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Book Review: Drone On: The High History of Celtic Music
by Nicky Rossiter
This is a weird, wild, wonderful read. Despite her name, Winnie Czulinski is an avowed Celtophile and has written extensively in the field. Mind you, having read the book, there may even be Polish or Russian or Brazilian Celts skulking out there.
Reading Drone On, subtitled "The High History of Celtic Music," is like attending an Irish story night in a good, non-music pub. The teller of tales mixes fact, fiction, speculation and downright lies to make the night a joy to recall. As we say here in Ireland -- and probably all over the planet -- "Never let the truth get in the way of a good story."
Having said that, maybe every word, syllable, dot and comma of this book is gospel truth, and if it is I apologize -- but somehow I don't think so. There are tons of great facts, insights and anecdotes here, but I also detect the occasional plant, so I would be careful about what parts to use for a thesis. And, having said that, I would urge anyone with a modicum of interest in Celts, music or history to buy, read and enjoy this book because I believe it is there to be enjoyed.
Winnie takes us on a breakneck tour of the various Celtic lands and legends. Along the way, you get a flavour of the irreverence with, for instance, a reference to Fionn McCool's Fianna as the "F Troop."
Scotland's Thomas the Rhymer reminds us of a certain email address for a well-known editor. I was not too well up on this Scot or a number of Welsh, Breton and other Celts. The potted biography of Francis O'Neill and his contribution to collecting and preserving the tradition is excellent. The note that the chief collected 1,850 pieces compared to much smaller numbers by Edward Bunting and George Petrie operating on home ground just goes to prove that foreign shores make the Celts more Celtic.
The book also looks at the Celtic contribution to country and American folk styles of music, as well as the transition of songs like "The Patriot Game" into "God on Our Side," telling us the tune comes from the Appalachians as "The Merry Month of May" and was popularized as "Bold Grenadier" by Jo Stafford. And all that comes in 10 lines from this 200-page book, so imagine the other insights.
Riverdance as the inspiration for writing the book gets a fair few pages, as does Celtic music in the movies from Titanic to Barry Lyndon. Oh, and I love the comparison of the Dubliners to ZZ Top -- beardwise at least.
The book brought me closer to a number of groups playing Celtic music to the west of the Atlantic. I have reviewed many of them, so it was nice to read a little more about them. This is a wonderful book in the old sense of the word, being full of wonder. It is full of wonderous facts, but it also makes us wonder how many of the comic asides are true and how many false.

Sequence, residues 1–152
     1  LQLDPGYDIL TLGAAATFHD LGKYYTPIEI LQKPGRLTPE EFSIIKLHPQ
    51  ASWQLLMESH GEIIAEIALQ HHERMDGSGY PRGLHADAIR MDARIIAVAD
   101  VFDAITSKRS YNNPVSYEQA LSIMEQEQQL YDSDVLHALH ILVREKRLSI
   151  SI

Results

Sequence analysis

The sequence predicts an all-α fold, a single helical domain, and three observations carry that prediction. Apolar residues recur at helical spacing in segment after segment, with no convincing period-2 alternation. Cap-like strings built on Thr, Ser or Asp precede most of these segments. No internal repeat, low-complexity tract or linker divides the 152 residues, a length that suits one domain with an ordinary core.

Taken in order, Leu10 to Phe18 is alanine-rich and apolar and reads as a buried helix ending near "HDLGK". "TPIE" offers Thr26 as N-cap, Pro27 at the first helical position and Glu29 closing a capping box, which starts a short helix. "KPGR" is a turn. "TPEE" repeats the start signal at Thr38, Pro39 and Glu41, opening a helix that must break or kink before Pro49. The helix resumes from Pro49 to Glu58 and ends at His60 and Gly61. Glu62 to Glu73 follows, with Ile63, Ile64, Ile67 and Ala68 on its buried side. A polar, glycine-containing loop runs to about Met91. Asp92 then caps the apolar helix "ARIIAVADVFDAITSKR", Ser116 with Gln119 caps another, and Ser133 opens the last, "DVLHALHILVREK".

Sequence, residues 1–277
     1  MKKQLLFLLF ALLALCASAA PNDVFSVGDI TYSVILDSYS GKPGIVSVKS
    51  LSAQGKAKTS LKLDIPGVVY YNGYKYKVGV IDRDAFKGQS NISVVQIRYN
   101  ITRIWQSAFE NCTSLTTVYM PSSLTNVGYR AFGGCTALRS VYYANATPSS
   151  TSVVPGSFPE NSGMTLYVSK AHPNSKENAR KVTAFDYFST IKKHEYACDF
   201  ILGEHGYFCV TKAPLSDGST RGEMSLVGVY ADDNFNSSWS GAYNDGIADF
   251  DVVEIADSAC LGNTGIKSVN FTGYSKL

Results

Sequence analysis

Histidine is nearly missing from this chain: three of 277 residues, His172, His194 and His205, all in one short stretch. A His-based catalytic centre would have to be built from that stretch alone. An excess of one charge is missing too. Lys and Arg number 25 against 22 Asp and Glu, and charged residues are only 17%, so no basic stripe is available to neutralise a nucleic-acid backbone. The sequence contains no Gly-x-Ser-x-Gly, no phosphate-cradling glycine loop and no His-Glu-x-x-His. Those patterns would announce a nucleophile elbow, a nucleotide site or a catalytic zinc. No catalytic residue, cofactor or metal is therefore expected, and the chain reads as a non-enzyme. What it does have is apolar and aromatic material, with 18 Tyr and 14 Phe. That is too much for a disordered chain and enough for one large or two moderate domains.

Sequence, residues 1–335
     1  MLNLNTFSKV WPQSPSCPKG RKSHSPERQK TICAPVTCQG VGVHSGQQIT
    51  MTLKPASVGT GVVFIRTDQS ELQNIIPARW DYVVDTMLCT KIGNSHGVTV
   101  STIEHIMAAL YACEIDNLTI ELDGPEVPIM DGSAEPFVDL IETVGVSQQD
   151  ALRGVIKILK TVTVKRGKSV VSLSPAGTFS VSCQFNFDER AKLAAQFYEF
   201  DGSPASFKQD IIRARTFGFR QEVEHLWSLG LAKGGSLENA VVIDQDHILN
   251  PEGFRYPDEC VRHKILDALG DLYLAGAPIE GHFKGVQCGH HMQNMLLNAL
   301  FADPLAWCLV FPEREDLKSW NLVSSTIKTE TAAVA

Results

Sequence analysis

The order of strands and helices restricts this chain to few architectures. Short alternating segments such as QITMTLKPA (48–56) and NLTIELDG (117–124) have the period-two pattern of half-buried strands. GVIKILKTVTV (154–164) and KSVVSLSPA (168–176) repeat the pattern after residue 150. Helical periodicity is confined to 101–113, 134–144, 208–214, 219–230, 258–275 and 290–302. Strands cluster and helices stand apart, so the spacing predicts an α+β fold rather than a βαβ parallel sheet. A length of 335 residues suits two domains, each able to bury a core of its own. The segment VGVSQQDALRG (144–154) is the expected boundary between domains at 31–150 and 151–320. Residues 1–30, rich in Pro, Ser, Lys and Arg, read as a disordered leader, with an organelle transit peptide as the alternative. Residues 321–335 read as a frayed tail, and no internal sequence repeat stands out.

Buy it from Amazon.com
Nicky Rossiter writes on local history and general interest for numerous newspapers, magazines and journals in Ireland. He operates a website dedicated to Wexford and its history, and he was a founder of Wexford Youth Theatre, which performed many of his plays on stage and radio.
He presents a radio series on Ireland's South East Radio called Stories, which combines lesser-known folk tracks with local history pieces. This programme runs on Mondays from June to November at 7 p.m. British Summer Time and can be heard on webcast. He is contactable via e-mail for comments or requests for the programmes.
We invite you to visit his web site and be sure to check out his own new "Wexford - A Tour, A History, A Miscellany."
This review originally appeared on Rambles.net, an on-line Cultural Arts Magazine. It is reprinted here with the kind permission of both the author and the editor and publisher, Tom Knapp. Click here for Rambles.net. Go raibh maith agat!
Fri, Nov 3, 2017
The Round Towers
The Round Towers of Ireland are remarkable among the world's ancient monuments; one author has called them 'Elegant, free-standing pencils of stone.' Today, 65 survive in part or whole. Hand-crafted in native stone and cemented with a sand, lime, horsehair and oxblood mortar - a technique imported from Roman Britain - it's said by many historians that they were built by monastic communities to thwart Viking invaders. And yet, there's reason to believe that the towers were built long before Christianity came to Ireland. Whatever their origins, monasteries did indeed flourish where the round towers existed. And why not. These imposing edifices provided a watch tower, a keep and a refuge.
Image: By kind permission of Stephen Cassidy, The Cassidy Clan.
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